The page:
Changing where you sit at work shown to boost creativity and innovation

New research at Carnegie Mellon University suggests a game of musical chairs.

Employees work at a Truck Alliance Inc. office in Chengdu, China, on Tuesday, April 11, 2017. Photographer: Qilai Shen/Bloomberg via Getty Images
  • Carnegie Mellon assistant professor, Sunkee Lee, found that rearranging workstations led to higher profits and better communication.
  • Companies that only focus on short-term profits instead of long-term goals are less likely to innovate and grow.
  • Opening up new dialogues between workers resulted in greater problem solving and fewer problems.
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Technology & Innovation

The biggest change to manhood? Equal parenting.

Being a successful caregiver is part of today's definition of manhood.

  • The biggest example of a change in men's gendered behavior in recent years is the transformation of fatherhood. Nowadays, the definition of manhood has increasingly included being a present, and good caregiver.
  • Women have historically been burdened with childcare and housework. So much so that they usually longer off time off for parental leave. Also, they're the ones tending to take off work if their kid is sick. Because of this heavy role in parenting, many women have not been able to advance far in the workforce.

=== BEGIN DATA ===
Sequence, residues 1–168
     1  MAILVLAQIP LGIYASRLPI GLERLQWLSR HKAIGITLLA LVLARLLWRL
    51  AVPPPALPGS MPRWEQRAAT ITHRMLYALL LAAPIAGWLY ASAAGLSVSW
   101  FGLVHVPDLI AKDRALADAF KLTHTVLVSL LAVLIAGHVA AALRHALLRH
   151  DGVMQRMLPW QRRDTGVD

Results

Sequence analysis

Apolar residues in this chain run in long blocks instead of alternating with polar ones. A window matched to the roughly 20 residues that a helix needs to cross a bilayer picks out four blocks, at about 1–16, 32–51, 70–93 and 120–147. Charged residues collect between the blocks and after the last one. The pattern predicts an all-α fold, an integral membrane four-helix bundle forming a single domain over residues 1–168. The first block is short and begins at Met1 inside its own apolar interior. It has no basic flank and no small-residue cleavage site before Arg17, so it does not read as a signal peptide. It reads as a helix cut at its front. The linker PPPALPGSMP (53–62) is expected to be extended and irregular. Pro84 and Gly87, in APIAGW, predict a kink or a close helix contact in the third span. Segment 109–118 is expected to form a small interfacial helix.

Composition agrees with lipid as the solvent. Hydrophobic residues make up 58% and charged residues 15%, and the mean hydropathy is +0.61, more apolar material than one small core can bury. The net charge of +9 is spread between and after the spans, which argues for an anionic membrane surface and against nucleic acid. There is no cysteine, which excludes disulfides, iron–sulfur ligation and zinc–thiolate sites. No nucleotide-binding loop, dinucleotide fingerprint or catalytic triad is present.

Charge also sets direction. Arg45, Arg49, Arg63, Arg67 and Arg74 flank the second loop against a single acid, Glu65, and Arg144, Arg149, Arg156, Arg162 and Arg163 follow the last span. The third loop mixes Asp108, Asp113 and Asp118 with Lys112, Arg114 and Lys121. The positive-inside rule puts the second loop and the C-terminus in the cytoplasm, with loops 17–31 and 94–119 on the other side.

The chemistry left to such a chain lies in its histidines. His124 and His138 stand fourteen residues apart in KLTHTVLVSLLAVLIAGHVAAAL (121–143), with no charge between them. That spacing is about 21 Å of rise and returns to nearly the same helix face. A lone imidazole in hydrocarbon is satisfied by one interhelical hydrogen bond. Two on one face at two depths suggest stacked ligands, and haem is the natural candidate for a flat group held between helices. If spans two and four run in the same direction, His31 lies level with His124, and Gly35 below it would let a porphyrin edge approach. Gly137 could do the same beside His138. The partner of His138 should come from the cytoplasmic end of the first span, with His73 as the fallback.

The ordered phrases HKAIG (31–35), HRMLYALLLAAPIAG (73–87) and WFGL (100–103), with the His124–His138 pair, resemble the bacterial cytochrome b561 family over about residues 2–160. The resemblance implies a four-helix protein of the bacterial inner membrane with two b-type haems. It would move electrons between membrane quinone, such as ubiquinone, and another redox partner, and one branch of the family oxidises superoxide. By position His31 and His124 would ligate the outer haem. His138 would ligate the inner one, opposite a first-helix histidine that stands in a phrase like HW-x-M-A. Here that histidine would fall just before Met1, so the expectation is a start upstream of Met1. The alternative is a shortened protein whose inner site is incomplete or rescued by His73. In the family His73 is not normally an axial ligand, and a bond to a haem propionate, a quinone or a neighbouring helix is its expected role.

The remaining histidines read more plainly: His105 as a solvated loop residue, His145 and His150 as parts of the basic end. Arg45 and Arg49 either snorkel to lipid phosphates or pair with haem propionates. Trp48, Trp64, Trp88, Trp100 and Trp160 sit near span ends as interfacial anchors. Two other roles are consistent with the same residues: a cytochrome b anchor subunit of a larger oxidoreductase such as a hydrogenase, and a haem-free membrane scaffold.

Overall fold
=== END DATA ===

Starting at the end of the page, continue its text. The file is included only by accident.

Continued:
• By men doing half of the care work, it's boosted women's empowerment. It's also great for children's emotional development and well-being. It's also great for men, too, because, as a result of being a successful caregiver, men are more likely to build up a sense of empathy, which can help them in leadership positions.
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700,000 people get out of prison each year. Let’s hire them.

The U.S. has a talent shortage and the formerly incarcerated have paid their debt to society. Let's solve two problems with one idea.

  • The U.S. has a talent shortage. There are 7.3 million open jobs, and only 6 million people currently looking for jobs, says President and CEO of SHRM Johnny C. Taylor, Jr.
  • The solution? Let the formerly incarcerated work good jobs that contribute to the economy.
  • SHRM research shows that 80% of HR managers are interested and willing to hire the formerly incarcerated. The bias exists at the employee and customer level – but that bias is changing fast for the better.
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Videos

Should architecture be taught in grade school?

Few students will become architects, but architecture may be able teach them more about real-life problem-solving than geometric proofs.

  • Contemporary schools are reconsidering their subjects and teaching methods in order to offer the best education for children.
  • Vicky Chan launched an architecture program designed to teach students STEM, creativity, sustainability,and problem-solving.
  • Chan is hardly alone; others have integrated new subjects and methods into curriculum, hoping to instill in students the skills necessary to be engaged, thoughtful citizens.
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Culture & Religion

Knowing how to behave in the #MeToo era

Harassment isn't about your intention. It's about your impact, explains Michael Kaufman.

  • In the #MeToo era, many men feel they're walking on eggshells and can't say anything anymore.
  • Companies must refocus their policies away from 1,000 page "don't do this" manuals and address the gray areas that are most confusing, like: Can you give a colleague a compliment?
  • Workplace harassment training should focus on the principle that sexual harassment is about impact of your words or actions; it's not about your intention.
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